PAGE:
Nurses look to leadership role in healthcare changes
As the healthcare landscape changes, nurses are on the front lines.
South Carolina nurses will discuss the future of their profession March 25 in Columbia at the 2011 Nursing Leadership Summit.
USC College of Nursing Dean Peggy Hewlett, Dr. Michael Bleich, dean of Oregon Health and Science University School of Nursing, and Dr. Marilyn Schaffner, chief nurse executive at the MUSC hospital, will keynote the conference.
Nurses from around the state will use the conference to determine ways to implement recommendations from an Institute of Medicine report, “The Future of Nursing: Leading Change, Advancing Health.” The report, published in October, detailed key issues addressing the role of nursing in the healthcare challenges ahead.
The report calls on nurses to achieve higher levels of education and training through an improved education system, to become full leadership partners with physicians and other professionals in redesigning the country’s healthcare education and delivery systems and to establish an improved data collection and information infrastructure.
“With nurses comprising the largest sector of the healthcare delivery system in this country, the Institute of Medicine report recommends that registered nurses (RNs), from all settings and all educational levels of preparation, need to become actively involved in nursing leadership positions, decisions and policy-making,” Hewlett said. “The profession has historically looked to those RNs holding leadership jobs to take on this role, but the time has come for every nurse to become involved in shaping the emerging healthcare system.”
Hewlett said the IOM Committee on the Future of Nursing set the agenda for the profession on the national level, and now leaders in each state are charged with coming up with their own implementation plans.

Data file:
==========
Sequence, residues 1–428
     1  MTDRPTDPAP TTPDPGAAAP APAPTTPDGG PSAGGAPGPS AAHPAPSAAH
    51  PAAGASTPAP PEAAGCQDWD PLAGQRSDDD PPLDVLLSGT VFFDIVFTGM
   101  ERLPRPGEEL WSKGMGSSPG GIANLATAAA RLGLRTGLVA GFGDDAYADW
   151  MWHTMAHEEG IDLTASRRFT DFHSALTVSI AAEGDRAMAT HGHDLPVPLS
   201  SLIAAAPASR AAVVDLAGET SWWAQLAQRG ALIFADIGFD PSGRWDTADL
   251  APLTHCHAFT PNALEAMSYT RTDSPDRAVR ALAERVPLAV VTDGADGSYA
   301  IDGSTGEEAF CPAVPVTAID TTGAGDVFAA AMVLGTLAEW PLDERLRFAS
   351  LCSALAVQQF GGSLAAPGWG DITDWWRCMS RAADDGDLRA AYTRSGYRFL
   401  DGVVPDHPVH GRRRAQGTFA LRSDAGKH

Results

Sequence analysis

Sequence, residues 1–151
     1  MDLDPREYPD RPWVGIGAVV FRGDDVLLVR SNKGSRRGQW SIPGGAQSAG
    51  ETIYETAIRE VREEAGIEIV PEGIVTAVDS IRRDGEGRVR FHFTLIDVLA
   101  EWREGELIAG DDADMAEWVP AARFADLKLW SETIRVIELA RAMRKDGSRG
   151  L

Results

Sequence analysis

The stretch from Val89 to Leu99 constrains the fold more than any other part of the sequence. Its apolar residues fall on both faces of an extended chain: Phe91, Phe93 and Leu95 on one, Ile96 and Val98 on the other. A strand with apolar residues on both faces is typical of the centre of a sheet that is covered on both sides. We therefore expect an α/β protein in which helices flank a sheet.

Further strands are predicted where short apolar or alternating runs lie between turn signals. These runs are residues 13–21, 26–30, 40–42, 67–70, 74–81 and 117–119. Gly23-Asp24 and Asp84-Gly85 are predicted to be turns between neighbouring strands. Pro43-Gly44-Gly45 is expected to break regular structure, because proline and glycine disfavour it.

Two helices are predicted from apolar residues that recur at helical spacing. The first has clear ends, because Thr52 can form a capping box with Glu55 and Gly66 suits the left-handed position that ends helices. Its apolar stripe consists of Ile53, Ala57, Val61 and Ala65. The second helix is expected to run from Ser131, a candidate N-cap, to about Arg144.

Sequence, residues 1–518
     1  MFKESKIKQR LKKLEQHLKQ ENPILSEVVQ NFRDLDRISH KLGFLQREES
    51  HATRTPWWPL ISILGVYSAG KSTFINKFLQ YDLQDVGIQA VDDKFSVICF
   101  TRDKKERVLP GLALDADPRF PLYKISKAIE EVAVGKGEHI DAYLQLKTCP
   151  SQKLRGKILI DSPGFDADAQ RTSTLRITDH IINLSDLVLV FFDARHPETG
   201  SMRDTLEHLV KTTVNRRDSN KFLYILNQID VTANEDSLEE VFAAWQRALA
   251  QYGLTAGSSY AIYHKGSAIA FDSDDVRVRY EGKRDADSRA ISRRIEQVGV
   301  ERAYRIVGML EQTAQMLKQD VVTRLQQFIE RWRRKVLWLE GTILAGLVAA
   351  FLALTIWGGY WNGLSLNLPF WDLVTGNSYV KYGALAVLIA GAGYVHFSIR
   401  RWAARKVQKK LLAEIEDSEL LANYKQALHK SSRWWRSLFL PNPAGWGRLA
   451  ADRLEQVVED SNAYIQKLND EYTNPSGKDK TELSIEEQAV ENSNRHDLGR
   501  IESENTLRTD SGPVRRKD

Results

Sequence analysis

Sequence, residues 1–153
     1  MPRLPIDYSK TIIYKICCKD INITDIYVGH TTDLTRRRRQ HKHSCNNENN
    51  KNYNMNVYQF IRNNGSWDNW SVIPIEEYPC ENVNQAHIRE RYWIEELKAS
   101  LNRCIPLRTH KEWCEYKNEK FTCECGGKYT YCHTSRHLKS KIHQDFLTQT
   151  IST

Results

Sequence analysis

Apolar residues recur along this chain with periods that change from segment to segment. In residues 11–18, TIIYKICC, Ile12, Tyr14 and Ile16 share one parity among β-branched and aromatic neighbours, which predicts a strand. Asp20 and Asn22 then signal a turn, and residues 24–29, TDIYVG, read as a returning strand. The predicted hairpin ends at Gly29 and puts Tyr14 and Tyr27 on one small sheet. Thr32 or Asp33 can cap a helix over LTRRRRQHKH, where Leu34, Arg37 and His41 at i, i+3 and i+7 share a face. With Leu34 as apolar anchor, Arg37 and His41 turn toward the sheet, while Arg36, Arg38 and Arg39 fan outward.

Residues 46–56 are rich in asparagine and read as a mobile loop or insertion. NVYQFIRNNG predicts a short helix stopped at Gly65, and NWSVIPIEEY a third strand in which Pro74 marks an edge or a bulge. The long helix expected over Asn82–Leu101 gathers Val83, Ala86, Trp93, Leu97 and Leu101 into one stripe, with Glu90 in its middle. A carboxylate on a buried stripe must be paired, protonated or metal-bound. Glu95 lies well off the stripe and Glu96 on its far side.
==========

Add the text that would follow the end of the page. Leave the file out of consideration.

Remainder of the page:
“South Carolina nurses are stepping to the plate,” she said “The SC One Voice, One Plan Consortium has been a major player in addressing nursing workforce issues for several years. Taking on the implementation of the IOM recommendations in our state is a natural next step for our constituents. The major difference this time is that we are calling on nurses from every corner of the state to become active in addressing the needs of nursing’s future, which in turn directly impacts the future health of the people we serve.”
The nursing profession plays a vital role in healthcare across the country and in South Carolina. With the implementation of the 2010 Affordable Care Act, nurses have an opportunity to be active participants in the transformation of healthcare education and delivery, Hewlett said.
Conference sponsors include the SC Center for Nursing Leadership, the statewide One Voice One Plan Consortium, the Office of Healthcare Workforce Research for Nursing, and the SC Future of Nursing Taskforce. Nurses and others vested in healthcare issues from across South Carolina will attend, along with invited guests from the state policy groups.